Needs for Trade- offs - Business Strategy
In recent years another reason for questioning the need for trade-offs has arisen. In manufacturing industries great efforts have been expended in developing process technologies, and in particular the application of computers, to create production systems capable of mass customisation. Unlike a mass production system, which produces a standard product at low cost, a mass customisation system would produce 'specials' (traditionally the province of the high-cost job shop) at similar low cost. Such a system has been developed by Levi Strauss, the jeans manufacturer, allowing customers to have their jeans made to measure.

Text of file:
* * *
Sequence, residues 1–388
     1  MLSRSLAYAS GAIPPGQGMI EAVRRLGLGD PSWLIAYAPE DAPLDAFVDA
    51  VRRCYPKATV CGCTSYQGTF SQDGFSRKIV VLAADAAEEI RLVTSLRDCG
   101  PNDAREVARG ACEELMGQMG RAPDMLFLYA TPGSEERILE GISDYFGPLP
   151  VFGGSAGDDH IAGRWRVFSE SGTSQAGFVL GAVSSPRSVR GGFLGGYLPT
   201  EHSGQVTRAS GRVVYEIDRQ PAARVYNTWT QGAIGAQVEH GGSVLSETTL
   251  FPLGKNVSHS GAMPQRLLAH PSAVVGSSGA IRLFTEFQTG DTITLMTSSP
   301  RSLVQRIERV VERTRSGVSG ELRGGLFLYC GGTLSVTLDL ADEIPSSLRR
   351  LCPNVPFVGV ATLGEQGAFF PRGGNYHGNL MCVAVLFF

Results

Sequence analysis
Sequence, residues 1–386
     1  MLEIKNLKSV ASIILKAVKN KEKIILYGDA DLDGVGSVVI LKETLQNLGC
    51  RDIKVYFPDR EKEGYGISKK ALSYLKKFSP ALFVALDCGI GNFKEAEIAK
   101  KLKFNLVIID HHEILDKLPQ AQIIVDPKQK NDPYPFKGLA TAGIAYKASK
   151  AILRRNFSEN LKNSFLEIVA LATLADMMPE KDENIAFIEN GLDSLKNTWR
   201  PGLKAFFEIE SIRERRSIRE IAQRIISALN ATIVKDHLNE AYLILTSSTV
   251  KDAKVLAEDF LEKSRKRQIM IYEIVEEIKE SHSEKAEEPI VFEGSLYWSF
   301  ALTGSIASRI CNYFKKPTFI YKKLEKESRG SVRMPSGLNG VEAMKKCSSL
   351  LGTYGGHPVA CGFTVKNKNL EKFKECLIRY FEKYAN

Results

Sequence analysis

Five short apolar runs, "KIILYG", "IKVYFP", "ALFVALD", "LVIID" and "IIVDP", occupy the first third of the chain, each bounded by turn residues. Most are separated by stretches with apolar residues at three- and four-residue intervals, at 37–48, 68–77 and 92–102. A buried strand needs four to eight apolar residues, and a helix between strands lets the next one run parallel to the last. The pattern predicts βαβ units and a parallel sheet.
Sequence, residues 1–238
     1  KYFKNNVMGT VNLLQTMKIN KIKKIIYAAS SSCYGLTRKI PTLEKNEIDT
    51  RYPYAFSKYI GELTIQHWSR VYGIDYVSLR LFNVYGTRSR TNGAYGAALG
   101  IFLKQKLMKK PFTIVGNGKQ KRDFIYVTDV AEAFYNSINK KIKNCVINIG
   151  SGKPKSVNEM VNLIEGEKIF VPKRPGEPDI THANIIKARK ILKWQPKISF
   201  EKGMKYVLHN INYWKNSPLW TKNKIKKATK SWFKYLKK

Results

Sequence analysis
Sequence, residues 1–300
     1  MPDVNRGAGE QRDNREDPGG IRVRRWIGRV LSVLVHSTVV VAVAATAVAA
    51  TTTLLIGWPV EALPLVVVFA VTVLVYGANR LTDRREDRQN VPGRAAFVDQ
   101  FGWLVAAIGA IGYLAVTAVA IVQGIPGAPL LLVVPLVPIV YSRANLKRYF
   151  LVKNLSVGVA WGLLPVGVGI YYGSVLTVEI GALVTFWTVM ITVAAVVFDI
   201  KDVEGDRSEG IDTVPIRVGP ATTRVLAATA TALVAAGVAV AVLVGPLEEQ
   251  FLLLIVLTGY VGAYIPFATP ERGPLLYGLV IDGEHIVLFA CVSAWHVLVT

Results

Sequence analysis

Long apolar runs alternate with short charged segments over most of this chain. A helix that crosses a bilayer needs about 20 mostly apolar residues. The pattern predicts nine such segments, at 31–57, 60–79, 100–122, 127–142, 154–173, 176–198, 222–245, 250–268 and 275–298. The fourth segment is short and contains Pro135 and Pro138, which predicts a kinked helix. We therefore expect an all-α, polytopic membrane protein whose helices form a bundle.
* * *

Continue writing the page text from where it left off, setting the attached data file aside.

The customer's sizes are sent electronically to the factory, where a computer-driven production system automatically produces the jeans to the specified sizes. A few days later the customer may collect the jeans. Impressive though such technology may be, it raises issues. What then to measure? Ideally, the measures chosen will relate directly to the business qualifiers and order winners. However, care is required in the choice of operations performance measures; the order winners themselves may be inappropriate. For example, consider a business which has identified low price as the prime order winner. Price is an external (market) variable, which may rise or fall for reasons other than operational performance eg in response to competitors' pricing, sales promotions, seasonal price variations, etc. It would be unreasonable to measure the week-to-week performance of operations personnel on the basis of such a variable, which can change substantially for reasons outwith their control. What is needed is an internal (operational) variable, relevant to the order winner concerned: in the case of price it might be appropriate to measure unit cost, labour productivity or equipment utilisation.